Directories are usually the easiest way to pin down information on your home’s history. These are usually located either in their original format or on microfiche in your local library or city and county archives. Some are even located online.
Tax assessment rolls, Registered Plans and Property Transactions
Although a little more complicated to get a hold of and understand, these documents can give you very interesting information about who built your house, when and for how much. What the land was assessed at for tax purposes over the years and even strange details like how many dogs, chickens or horses were on the property when it was assessed! It can also answer questions about whether the first occupants of the house were owners or tenants. These records could be located in your local city or county archives or possibly through your city hall.
Researching Occupants’ Lives
Once you know the year of construction and the names of early occupants and possible occupations, you can start pulling out the stories of their lives. A good place to start is the censuses for your area. Library and Archives Canada has a searchable database here: https://www.bac-lac.gc.ca/eng/census/Pages/census.aspx. If you don’t come up with your people right away, try various family members and different years. Sometimes transcription or spelling errors happen in digitization. The census will reveal all of the people living in the house when the census taker visited the home. This is a good way to find out children’s names and the birthdates of family members to help with further research. You may also discover that others lived in the home, such as lodgers, other relatives or servants. Ancestry.ca also has census records and if you can’t find your people on the LAC site, you might have luck there.
Armed with what you learned from the census will help you more accurately search in genealogy services such as: https://www.ancestry.ca/. Here you can find out birth, death and marriage dates and sometimes school info, photos and family trees. These details will help pull together various bits of information into stories, such as the lives of new immigrants, the birth of family businesses and the tragedies of early deaths due to local epidemics, war or accidents. Ancestry.ca is usually available for free through your local library.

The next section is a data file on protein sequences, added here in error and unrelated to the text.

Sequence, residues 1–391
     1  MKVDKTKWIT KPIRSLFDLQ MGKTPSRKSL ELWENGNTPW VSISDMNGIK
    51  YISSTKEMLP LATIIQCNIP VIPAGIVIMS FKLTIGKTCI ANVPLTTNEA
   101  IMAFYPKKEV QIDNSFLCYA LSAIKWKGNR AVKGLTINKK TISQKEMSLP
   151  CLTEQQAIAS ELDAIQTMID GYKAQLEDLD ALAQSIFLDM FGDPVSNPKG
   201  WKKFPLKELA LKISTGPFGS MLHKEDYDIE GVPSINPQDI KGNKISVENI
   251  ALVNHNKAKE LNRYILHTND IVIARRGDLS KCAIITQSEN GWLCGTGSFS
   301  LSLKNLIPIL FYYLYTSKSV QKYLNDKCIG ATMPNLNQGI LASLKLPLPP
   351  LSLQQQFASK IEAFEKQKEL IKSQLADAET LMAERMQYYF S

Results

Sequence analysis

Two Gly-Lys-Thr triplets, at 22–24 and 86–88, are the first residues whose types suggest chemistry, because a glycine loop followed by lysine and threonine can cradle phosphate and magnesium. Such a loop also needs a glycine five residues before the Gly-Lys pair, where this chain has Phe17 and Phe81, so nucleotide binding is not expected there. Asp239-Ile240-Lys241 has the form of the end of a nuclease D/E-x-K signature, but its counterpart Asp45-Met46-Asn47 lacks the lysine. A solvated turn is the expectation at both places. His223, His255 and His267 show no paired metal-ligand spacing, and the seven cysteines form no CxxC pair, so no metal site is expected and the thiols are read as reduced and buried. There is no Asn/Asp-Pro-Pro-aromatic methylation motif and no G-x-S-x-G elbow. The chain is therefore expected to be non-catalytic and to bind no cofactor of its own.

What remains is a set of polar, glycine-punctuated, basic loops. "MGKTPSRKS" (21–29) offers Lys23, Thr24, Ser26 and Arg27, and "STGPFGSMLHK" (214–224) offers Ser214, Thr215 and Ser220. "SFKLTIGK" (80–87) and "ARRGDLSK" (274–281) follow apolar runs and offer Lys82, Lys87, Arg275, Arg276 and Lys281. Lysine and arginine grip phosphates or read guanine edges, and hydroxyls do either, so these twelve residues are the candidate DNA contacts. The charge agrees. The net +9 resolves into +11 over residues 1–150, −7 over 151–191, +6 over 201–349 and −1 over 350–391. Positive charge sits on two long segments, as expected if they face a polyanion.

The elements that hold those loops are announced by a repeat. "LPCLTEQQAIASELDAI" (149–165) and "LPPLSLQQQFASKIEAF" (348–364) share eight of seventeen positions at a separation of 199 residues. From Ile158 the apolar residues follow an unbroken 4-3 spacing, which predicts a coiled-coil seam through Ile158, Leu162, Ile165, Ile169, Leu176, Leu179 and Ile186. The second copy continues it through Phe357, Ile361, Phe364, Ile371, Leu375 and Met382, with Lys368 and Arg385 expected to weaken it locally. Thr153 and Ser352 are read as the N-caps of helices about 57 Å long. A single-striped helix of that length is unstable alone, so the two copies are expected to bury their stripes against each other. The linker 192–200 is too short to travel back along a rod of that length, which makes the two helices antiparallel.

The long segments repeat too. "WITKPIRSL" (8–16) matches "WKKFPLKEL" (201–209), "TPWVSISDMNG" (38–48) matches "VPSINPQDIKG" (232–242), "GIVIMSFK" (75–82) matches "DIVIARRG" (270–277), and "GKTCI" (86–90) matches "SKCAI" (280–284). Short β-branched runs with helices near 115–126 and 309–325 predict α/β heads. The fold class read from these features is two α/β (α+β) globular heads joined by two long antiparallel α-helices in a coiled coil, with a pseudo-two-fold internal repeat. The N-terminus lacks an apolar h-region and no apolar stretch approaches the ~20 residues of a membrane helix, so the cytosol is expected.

If you suspect that an occupant of your house may have served during wartime, you can search for and read personnel files on the Library and Archives Canada website. Ancestry.ca may have some documents but the LAC website has the complete files:
Local Newspaper Articles
Your local library or archives may have local newspaper articles available but likely not searchable. The website Canadiana.ca houses many digital documents and has a section with local magazines and newspapers. I’ve found that newspaper articles from “back in the day” usually include a lot of personal information, including home addresses. If you search these papers for you address, you may find some pretty interesting stories! Visit: https://www.canadiana.ca/collection-serials.
These are just a few places for you to start. Local librarians, archivists and historians will be able to point you in the direction of more information. Happy researching!